A moderate is needed for the Supreme Court

Cutting through hypocrisy, I want to declare aloud an assumed but hushed reality that U.S. Supreme Court Justices interpret the Constitution based on individual biases.

by Kelli Lundgren
by Kelli Lundgren

After all, Republicans and Democrats would not be arguing over whom and when a justice will be nominated to replace the late and Honorable Antonin Scalia if interpretation of law could not be skewed.

Further proof of bias: justices’ voting records consistently divide by ideology. Five to four. Five to four. Five to four. Of course exceptions can be found when common sense sides with both constitutional principles and underlying partisan goals.

Attorneys have argued with my assertion that justices are biased. I hear terms such as Originalist used to describe Justice Antonin Scalia. He self-described this too, saying he sought the original intent of the Constitution. This is just fine as a concept, however, each conservative and liberal delves into the Constitution and finds what he or she is seeking. Each interpretation is different. Five to four.

Justices contemplate and summarize law with intelligence and insight, and craft excellent arguments one way or the other. Yet it is still interpretation. It is still biased.

The founding fathers were people, just like us, yet brilliant and visionary.  Some Americans want to adamantly believe founders were guided by a deity when drafting the Constitution. Others like myself think these men learned from the British monarchy what “not to do.”  Separation of church and state was a remarkable move on their part and this law became critically beneficial to religionists and non-believers alike.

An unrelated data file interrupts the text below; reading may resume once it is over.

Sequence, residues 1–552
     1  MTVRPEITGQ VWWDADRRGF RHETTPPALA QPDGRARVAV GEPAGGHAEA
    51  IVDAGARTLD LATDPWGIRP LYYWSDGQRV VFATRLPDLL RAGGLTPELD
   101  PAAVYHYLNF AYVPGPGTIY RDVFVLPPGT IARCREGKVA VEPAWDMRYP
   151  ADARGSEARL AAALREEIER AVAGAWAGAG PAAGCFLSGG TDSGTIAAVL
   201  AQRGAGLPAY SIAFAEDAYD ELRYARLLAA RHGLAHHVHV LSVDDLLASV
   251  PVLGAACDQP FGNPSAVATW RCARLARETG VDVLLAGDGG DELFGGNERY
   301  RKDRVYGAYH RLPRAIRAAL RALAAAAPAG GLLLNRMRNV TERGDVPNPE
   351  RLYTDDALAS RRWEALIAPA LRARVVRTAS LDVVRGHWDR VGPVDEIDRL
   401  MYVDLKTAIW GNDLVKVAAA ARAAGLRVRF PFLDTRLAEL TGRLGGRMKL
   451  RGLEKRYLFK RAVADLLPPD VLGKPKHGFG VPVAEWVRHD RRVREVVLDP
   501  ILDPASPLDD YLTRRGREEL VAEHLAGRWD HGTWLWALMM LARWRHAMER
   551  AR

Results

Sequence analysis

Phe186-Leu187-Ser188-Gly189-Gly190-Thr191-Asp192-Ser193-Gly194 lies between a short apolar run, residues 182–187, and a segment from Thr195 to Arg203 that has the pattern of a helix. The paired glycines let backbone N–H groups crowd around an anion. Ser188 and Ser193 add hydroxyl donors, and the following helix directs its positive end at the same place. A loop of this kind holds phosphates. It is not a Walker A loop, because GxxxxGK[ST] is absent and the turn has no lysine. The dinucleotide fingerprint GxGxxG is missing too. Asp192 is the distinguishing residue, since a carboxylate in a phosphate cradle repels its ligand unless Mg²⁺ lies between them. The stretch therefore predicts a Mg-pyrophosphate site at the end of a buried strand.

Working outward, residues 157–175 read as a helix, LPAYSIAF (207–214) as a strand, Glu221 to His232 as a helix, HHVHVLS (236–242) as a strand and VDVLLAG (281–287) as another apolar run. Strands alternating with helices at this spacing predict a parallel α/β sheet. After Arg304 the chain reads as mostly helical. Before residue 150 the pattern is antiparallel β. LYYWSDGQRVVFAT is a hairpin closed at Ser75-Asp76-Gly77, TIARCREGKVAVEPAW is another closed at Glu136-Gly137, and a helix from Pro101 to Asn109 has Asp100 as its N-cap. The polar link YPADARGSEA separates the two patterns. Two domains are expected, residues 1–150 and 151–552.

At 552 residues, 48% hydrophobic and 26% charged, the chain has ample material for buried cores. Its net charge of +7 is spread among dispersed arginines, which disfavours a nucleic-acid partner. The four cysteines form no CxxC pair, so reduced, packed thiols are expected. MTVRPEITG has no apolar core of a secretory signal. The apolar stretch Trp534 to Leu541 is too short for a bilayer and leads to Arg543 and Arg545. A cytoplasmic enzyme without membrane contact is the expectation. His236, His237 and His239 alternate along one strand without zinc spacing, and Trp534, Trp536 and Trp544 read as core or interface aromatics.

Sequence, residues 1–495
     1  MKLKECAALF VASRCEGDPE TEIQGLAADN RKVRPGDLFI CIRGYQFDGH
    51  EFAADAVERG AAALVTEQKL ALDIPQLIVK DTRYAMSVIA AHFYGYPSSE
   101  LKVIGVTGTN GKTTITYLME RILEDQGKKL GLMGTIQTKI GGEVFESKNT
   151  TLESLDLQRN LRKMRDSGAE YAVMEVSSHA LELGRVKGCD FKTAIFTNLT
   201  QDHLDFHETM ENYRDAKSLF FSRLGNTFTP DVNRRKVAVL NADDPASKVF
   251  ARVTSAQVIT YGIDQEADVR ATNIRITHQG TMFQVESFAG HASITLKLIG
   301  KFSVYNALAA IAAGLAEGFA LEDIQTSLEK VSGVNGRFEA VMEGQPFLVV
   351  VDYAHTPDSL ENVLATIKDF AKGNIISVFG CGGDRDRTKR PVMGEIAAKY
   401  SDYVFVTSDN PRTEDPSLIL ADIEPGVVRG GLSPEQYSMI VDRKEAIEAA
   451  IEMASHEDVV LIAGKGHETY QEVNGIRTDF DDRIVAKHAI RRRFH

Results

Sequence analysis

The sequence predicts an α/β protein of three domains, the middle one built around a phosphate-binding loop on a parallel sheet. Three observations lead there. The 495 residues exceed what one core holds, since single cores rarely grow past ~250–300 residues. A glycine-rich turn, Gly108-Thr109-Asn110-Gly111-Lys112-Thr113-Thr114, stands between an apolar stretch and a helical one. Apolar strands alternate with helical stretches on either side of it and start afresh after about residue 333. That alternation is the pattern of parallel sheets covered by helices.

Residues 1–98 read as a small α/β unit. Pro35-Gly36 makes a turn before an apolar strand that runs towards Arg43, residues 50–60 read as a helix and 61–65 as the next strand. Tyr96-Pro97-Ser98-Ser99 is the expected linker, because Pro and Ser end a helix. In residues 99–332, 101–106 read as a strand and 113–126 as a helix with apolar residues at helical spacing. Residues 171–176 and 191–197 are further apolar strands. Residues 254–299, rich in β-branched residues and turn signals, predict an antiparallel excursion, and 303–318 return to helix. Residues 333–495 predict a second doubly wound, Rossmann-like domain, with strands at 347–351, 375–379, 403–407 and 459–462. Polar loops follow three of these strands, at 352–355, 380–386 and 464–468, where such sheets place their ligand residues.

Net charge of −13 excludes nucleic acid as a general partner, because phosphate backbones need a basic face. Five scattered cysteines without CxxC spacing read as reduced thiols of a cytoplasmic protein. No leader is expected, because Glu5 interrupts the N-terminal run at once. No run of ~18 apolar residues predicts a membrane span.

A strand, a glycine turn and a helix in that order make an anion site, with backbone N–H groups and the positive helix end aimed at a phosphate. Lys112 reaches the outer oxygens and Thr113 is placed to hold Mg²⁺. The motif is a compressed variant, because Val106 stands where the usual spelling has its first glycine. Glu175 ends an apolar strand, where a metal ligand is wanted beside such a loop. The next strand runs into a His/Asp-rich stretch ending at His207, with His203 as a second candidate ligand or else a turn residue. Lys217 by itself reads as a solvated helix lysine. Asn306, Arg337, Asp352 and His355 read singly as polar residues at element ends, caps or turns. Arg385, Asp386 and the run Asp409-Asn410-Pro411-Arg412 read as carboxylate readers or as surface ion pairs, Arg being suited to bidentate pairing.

Proof exists, by the way, that the Constitution is not the catchall, end-all of a great society. Twenty-seven constitutional amendments validate and correct weaknesses of the Constitution, including one of my many favorites, the right for women to vote.

In analyzing one recent SCOTUS decision, perhaps the most important issue for humanity no matter where you weigh on the conservative/moderate/liberal scale: just a few weeks ago, before Justice Scalia’s death, justices blocked President Obama’s approved Environmental Protection Agency Clean Power Plan from moving forward while the rule is challenged in court. The SCOTUS vote was again, five to four.

The Clean Power Plan’s delay by the Court is an example of a partisan-divided decision, messing with the earth and the lives of seven billion people. SCOTUS’s outcome shunned a worldwide clean air plan, a vote remarkably shortsighted. If you read into my words as “she’s just liberal,” you are not thinking about the future, nor your children’s and grandchildren’s welfare. Global warming and climate change are not feel-good social contracts. Climate change data is fact, black and white within an otherwise gray world, a world chock-full of differing opinions, diversified cultures, and conflicting political systems and religions. Yet environmental data is data. Resources in order to exist are diminishing. And SCOTUS voted to delay dealing with this data.

So may I suggest: nominate a moderate to replace Scalia; an experienced lower court justice smart enough to look beyond partisanship and use reason.  He or she will be biased, but how about biased toward our country as a whole, and not toward a political ideology or party?

The left and right will continue to argue and sabotage, convincing the world yet again we reside in a dysfunctional democracy. Room for improvement is about as wide as the Grand Canyon. Why not improve our country starting with this U.S. Supreme Court nomination?

Let’s do something right, something smart, something that moves our country forward, rather than stalling it with political idiocracy. What we do in the U.S. influences the globe. In my opinion, an additional moderate on the U.S. Supreme Court could favorably impact the future of humanity.


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